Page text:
Fitness sector pushing into suburbs

5:00 AM Saturday April 8, 2017 True Commercial

Shane Cameron Fitness is a combat and cross-fit gym run from a 1000sq m North Shore building. Photo / Michelle Hyslop

The growth of no-frills, 24-hour gyms and specialist fitness classes is fuelling demand for commercial property in suburban centres and industrial areas.

Driving the fitness sector’s growth has been the increase of different types of customer rather than more of the same customer; and a recent study found ‘location’ was the overwhelming consideration when choosing a gym — even more important than value for money.

Lloyd Budd, Bayleys director, retail, office and operations, says the fitness sector in New Zealand has grown, on average, 6.5 percent a year since 2010 and revenue is likely to keep growing.

“More than 15 per cent of New Zealanders, about 717,000 people, belong to a gym or attend fitness classes. And it’s not just the size of the sector that has changed. Fitness chains, low-cost 24-7 operators and specialist classes have become the dominant players and pushed out the large independents that used be the cornerstone of the exercise industry. They are definitely pushing into the suburbs and moving into areas where traditional gyms weren’t.”

The $494m sector employs 6700 people, up from 4500 in 2005, and industry experts believe there is still scope for it to get bigger still.

The big four fitness chains in New Zealand are Les Mills, City Fitness, Jetts and Snap, which together operate 150 clubs and occupy tens of thousands of square metres of commercial property.

Their property needs range from large, high-quality buildings in prime city centre locations to small-to medium-sized spaces in suburban retail hubs and industrial zones.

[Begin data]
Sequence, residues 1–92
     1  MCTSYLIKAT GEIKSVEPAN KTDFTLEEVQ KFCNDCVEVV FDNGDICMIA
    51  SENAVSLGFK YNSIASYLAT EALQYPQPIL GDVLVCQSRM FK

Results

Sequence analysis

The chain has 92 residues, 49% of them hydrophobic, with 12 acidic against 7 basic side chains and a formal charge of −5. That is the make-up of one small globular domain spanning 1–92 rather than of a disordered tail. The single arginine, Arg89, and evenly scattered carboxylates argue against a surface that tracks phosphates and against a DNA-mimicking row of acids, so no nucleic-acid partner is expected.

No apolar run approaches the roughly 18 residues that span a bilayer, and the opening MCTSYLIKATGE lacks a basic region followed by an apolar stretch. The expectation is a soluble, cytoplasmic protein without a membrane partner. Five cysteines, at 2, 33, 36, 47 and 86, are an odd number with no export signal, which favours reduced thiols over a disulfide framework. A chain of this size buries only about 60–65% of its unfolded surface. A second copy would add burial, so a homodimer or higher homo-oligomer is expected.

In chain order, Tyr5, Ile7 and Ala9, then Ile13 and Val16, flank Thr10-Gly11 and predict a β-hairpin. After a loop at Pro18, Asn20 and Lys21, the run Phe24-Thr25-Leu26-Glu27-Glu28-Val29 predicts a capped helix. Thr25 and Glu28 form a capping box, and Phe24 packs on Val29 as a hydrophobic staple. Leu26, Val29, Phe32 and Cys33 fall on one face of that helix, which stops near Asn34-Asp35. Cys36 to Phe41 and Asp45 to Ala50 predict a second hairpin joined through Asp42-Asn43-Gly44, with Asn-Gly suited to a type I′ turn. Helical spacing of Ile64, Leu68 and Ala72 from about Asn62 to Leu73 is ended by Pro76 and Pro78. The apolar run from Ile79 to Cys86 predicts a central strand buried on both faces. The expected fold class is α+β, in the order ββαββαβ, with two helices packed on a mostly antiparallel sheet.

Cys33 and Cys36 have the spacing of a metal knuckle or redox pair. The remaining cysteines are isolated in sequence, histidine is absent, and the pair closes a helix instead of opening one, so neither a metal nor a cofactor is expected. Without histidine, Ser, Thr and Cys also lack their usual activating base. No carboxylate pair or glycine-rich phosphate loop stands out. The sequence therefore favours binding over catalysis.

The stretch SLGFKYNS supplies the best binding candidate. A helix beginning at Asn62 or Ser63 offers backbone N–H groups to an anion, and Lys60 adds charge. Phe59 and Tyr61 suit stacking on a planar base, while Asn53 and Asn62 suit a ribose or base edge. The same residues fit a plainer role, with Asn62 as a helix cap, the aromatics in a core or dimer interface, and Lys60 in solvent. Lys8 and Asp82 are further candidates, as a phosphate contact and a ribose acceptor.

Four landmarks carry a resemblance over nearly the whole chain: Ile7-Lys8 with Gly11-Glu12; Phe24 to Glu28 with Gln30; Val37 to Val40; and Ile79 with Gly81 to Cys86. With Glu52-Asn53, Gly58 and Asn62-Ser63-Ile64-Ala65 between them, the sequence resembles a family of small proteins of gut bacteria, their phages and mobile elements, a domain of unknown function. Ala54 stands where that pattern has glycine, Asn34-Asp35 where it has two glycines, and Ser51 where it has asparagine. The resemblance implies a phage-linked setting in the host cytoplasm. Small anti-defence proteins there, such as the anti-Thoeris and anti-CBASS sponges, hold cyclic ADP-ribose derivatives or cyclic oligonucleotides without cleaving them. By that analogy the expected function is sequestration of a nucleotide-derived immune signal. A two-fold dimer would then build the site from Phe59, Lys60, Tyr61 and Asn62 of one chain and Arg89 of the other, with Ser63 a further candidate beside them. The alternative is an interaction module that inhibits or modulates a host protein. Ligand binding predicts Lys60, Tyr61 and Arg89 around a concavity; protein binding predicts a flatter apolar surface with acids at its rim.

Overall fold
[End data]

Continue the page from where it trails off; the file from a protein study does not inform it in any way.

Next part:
Richard Beddie, the chief executive of the Exercise Association of New Zealand, says the no-frills end of the market has experienced the biggest surge, with 24/7 gyms growing from fewer than a couple of dozen in the last five years to well over 100. By far the biggest players in this market are two overseas operators: the Australian chain Jetts, which has 56 gyms in New Zealand, and the US chain Snap, which has 48 gyms.

Beddie says the 24/7 operators are often franchised businesses. “They look for sites across the country based on a particular business model and demographic. They are what we would call small-to-medium-sized gyms, occupying up to 1000sq m of space but as little as 200sq m to 300sq m.”

Driving the fitness sector’s growth has been the increase of different types of customer rather than more of the same customer.

“Boutique gyms, 24/7 gyms and all the gyms in the suburbs are all making gym membership more attractive, and as a result there is more variety in the types of people joining. There is just as many gym-users aged 40-50 as there are aged 20-30,” Beddie says.

Although the chains make much of their low fees and round-the-clock opening times, a recent study of Australian and New Zealand fitness clubs found that location was the overwhelming consideration when new members were choosing a gym — even more important than value for money.